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Open Access Research

Inhibition of cyclo-oxygenase 2 reduces tumor metastasis and inflammatory signaling during blockade of vascular endothelial growth factor

Jason C Fisher1*, Jeffrey W Gander2, Mary Jo Haley2, Sonia L Hernandez4, Jianzhong Huang2, Yan-Jung Chang2, Tessa B Johung2, Paolo Guarnieri5, Kathleen O'Toole3, Darrell J Yamashiro234 and Jessica J Kandel2

Author Affiliations

1 Department of Surgery, Cincinnati Children's Hospital and Medical Center, 3333 Burnet Ave, Cincinnati, 45229-3039, USA

2 Department of Surgery, College of Physicians and Surgeons of Columbia University, 630 W. 168th St., New York, New York 10032, USA

3 Department of Pathology, College of Physicians and Surgeons of Columbia University, 630 W. 168th St., New York, New York 10032, USA

4 Department of Pediatrics, College of Physicians and Surgeons of Columbia University, 630 W. 168th St., New York, New York 10032, USA

5 Center for Computational Biology and Bioinformatics, College of Physicians and Surgeons of Columbia University, 1130 St. Nicholas Ave, New York, New York 10032, USA

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Vascular Cell 2011, 3:22  doi:10.1186/2045-824X-3-22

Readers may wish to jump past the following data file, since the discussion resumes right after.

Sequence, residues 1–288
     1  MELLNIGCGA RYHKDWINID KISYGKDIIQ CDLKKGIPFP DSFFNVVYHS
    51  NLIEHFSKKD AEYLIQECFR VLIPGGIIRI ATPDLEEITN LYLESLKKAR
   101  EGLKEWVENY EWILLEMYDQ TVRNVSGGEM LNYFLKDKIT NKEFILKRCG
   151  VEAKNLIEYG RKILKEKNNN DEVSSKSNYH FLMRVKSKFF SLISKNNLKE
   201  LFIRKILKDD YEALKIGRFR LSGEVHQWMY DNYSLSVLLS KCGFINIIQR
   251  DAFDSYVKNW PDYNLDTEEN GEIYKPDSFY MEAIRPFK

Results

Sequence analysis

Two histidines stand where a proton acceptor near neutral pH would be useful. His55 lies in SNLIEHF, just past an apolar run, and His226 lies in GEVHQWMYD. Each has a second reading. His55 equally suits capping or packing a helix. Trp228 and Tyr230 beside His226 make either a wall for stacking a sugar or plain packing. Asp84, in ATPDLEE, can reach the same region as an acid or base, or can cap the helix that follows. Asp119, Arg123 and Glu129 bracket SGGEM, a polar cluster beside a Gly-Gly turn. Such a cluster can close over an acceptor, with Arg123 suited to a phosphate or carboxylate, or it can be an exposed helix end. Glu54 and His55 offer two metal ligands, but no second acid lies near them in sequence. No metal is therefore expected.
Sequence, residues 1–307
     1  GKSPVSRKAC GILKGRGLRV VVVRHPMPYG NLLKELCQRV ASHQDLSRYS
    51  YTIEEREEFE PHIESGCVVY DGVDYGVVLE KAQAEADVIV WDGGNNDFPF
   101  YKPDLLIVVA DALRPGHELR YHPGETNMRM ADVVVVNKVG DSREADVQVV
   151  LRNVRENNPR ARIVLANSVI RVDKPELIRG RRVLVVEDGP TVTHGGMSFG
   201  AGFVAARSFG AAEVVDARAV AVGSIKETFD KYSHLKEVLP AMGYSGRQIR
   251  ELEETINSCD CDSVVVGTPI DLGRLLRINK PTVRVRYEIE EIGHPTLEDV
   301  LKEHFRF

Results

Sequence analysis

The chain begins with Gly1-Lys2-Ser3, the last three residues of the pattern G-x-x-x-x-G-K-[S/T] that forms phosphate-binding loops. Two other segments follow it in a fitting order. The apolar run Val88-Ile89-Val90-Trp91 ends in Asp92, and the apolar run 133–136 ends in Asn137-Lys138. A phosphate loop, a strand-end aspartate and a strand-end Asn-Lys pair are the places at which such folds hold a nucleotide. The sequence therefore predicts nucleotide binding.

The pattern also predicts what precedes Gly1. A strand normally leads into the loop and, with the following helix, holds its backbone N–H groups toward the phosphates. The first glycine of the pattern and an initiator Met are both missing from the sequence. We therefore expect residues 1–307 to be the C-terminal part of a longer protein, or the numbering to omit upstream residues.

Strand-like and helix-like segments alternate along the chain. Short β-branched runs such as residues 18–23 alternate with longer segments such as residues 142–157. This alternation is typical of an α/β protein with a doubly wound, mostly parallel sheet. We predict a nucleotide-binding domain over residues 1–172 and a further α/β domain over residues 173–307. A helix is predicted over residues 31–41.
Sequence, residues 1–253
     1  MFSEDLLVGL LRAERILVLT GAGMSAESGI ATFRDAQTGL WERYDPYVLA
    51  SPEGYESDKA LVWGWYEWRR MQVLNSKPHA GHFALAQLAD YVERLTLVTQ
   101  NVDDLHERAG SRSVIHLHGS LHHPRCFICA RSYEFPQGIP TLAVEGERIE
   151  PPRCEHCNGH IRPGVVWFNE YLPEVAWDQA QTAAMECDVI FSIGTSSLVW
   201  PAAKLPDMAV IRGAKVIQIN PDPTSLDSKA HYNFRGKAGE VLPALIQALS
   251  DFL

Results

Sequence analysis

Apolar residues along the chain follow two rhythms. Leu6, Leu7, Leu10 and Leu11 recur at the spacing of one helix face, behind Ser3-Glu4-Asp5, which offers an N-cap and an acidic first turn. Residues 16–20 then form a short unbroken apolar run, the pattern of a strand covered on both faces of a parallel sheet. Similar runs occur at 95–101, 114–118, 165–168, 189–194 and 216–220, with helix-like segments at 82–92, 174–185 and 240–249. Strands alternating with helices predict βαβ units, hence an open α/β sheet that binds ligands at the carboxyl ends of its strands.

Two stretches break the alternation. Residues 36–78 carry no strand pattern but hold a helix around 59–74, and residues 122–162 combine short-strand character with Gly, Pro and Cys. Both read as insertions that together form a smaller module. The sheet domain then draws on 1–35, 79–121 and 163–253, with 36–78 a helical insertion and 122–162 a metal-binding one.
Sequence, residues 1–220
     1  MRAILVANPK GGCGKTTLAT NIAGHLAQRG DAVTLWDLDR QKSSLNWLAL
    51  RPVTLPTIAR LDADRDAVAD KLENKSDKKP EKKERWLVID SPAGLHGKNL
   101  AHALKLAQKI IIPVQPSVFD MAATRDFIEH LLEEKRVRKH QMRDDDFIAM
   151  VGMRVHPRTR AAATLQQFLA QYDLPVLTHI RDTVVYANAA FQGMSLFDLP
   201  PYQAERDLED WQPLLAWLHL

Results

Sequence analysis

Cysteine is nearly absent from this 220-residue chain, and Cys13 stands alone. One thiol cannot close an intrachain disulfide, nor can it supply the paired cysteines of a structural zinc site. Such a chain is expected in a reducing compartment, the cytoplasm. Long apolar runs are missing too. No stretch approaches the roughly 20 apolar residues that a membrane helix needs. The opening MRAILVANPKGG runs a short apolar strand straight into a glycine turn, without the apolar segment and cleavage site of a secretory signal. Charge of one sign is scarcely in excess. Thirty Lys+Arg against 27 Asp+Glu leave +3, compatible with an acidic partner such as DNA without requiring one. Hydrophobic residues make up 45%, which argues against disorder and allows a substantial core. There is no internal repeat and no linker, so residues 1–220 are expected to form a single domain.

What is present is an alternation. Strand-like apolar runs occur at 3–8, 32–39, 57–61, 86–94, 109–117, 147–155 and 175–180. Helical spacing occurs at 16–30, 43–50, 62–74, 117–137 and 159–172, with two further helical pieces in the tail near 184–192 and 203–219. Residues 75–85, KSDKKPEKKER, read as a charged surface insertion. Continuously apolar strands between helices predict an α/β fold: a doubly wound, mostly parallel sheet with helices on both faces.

Published: 6 October 2011

Abstract

Vascular endothelial growth factor (VEGF) blockade is an effective therapy for human cancer, yet virtually all neoplasms resume primary tumor growth or metastasize during therapy. Mechanisms of progression have been proposed to include genes that control vascular remodeling and are elicited by hypoperfusion, such as the inducible enzyme cyclooxygenase-2 (COX-2). We have previously shown that COX-2 inhibition by the celecoxib analog SC236 attenuates perivascular stromal cell recruitment and tumor growth. We therefore examined the effect of combined SC236 and VEGF blockade, using the metastasizing orthotopic SKNEP1 model of pediatric cancer. Combined treatment perturbed tumor vessel remodeling and macrophage recruitment, but did not further limit primary tumor growth as compared to VEGF blockade alone. However, combining SC236 and VEGF inhibition significantly reduced the incidence of lung metastasis, suggesting a distinct effect on prometastatic mechanisms. We found that SC236 limited tumor cell viability and migration in vitro, with effects enhanced by hypoxia, but did not change tumor proliferation or matrix metalloproteinase expression in vivo. Gene set expression analysis (GSEA) indicated that the addition of SC236 to VEGF inhibition significantly reduced expression of gene sets linked to macrophage mobilization. Perivascular recruitment of macrophages induced by VEGF blockade was disrupted in tumors treated with combined VEGF- and COX-2-inhibition. Collectively, these findings suggest that during VEGF blockade COX-2 may restrict metastasis by limiting both prometastatic behaviors in individual tumor cells and mobilization of macrophages to the tumor vasculature.

Keywords:
COX-2; angiogenesis; metastasis; VEGF; inflammation; macrophage